(Update and clarification. Jan. 20, 2017:
The recent Institute for Justice report rates only the transparency of the forfeiture process in each state, not whether Georgia’s civil liberties protections have improved. While legislators have passed reforms, IJ’s most recent ranking of those protections still gives Georgia a D-. )
A recent report from a libertarian group gives Georgia a C- for its laws on asset forfeiture, where law enforcement seizes property or cash because they suspect a crime took place.
All in all, that's an improvement. The Institute for Justice gave Georgia a D- in 2010, calling it one of the worst in the nation when it came to protecting residents from unjust seizures. Under civil forfeiture law, officers and prosecutors can keep the property even if no one is prosecuted for a crime. Agencies get to keep a cut of the proceeds, which critics say can encourage cash-strapped agencies to police for profit.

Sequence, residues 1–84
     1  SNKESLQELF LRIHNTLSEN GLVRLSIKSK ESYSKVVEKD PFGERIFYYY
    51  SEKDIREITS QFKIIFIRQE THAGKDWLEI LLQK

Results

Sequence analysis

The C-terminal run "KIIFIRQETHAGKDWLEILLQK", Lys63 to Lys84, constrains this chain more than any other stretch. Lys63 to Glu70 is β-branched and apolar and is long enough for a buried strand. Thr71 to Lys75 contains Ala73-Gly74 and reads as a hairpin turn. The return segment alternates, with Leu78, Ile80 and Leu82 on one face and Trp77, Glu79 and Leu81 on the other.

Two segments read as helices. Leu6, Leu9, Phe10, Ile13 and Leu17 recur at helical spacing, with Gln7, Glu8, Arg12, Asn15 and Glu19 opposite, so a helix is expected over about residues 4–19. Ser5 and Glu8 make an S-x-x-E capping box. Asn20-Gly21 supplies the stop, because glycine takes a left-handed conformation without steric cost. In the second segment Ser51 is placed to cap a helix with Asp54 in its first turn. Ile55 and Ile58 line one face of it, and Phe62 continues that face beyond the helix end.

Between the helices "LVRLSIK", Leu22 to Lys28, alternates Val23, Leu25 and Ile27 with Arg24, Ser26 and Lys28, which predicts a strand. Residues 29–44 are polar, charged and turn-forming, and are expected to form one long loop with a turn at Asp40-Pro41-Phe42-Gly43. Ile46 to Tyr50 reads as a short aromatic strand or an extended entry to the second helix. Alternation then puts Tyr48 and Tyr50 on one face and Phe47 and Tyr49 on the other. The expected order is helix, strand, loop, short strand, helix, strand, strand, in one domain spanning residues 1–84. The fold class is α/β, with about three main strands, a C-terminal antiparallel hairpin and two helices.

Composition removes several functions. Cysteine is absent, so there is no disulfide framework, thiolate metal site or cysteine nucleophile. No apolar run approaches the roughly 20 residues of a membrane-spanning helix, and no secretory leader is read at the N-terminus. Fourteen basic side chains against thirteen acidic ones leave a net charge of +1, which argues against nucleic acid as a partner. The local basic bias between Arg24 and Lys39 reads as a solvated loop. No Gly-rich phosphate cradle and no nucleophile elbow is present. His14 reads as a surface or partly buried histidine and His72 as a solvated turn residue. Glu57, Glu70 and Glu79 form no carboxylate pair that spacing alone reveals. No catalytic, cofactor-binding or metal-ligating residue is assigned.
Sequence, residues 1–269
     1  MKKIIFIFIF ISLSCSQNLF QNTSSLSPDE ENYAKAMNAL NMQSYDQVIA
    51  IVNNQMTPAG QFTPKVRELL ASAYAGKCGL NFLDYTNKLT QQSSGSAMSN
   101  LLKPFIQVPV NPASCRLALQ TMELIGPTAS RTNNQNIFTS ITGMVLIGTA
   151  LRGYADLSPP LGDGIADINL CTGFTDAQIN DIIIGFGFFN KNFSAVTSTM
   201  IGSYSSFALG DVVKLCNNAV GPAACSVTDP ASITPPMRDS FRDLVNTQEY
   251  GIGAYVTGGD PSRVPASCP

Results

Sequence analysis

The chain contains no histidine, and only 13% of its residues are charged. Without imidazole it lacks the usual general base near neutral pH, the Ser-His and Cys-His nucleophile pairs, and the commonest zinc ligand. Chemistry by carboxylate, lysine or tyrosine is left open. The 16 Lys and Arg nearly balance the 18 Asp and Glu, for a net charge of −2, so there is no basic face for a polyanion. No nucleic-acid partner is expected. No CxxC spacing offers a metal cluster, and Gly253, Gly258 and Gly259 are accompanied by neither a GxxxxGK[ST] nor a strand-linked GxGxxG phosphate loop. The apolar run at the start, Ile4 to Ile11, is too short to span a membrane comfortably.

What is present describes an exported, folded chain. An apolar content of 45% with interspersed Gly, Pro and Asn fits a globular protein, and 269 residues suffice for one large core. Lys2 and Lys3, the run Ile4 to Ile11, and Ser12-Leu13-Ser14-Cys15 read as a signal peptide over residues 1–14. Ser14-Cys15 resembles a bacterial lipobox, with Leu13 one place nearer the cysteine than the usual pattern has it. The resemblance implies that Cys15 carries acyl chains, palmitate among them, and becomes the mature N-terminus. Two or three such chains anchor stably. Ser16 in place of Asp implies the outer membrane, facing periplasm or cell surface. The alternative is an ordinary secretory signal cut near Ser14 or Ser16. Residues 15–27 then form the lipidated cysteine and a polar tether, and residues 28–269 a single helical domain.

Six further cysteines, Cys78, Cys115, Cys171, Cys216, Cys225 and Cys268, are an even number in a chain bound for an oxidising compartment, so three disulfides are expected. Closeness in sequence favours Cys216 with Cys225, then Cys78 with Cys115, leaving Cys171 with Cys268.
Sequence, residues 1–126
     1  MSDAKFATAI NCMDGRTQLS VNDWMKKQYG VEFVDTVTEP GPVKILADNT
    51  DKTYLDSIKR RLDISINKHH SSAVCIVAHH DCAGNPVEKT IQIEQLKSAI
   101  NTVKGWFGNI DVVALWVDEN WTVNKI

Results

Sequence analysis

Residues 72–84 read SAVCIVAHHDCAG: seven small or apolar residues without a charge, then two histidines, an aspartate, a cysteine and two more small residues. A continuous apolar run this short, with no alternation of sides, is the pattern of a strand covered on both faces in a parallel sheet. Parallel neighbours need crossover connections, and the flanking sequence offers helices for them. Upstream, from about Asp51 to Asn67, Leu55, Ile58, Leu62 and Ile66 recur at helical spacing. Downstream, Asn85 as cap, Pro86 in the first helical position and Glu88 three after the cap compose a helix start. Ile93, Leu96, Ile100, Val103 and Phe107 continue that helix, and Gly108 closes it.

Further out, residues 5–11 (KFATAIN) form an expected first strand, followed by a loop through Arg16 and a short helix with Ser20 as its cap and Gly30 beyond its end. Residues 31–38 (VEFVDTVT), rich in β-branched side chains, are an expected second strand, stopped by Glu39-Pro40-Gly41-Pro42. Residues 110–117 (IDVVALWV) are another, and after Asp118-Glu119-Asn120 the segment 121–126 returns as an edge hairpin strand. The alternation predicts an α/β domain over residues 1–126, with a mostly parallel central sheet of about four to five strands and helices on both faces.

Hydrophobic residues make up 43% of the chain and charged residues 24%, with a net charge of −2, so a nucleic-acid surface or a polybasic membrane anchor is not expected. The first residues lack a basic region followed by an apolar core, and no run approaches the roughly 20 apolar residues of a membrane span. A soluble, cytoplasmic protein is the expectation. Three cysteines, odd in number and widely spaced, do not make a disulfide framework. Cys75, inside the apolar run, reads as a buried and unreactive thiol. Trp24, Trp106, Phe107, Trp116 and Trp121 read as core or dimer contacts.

For owners, getting the property back can easily be more expensive than the property's worth, an Atlanta Journal-Constitution investigation found. Sometimes, the agencies that seized it used the proceeds for galas and perks instead of enforcing the law, the AJC found.
The state legislature revised civil forfeiture law in 2015.
So what has lifted Georgia from near failure to mediocrity? It requires agencies to report how it spends the funds online and withholds funds from those that fail to do so, according to the report. But the property needs to be better tracked, the IJ report states, and there's no statewide oversight body. Financial audits should also be required.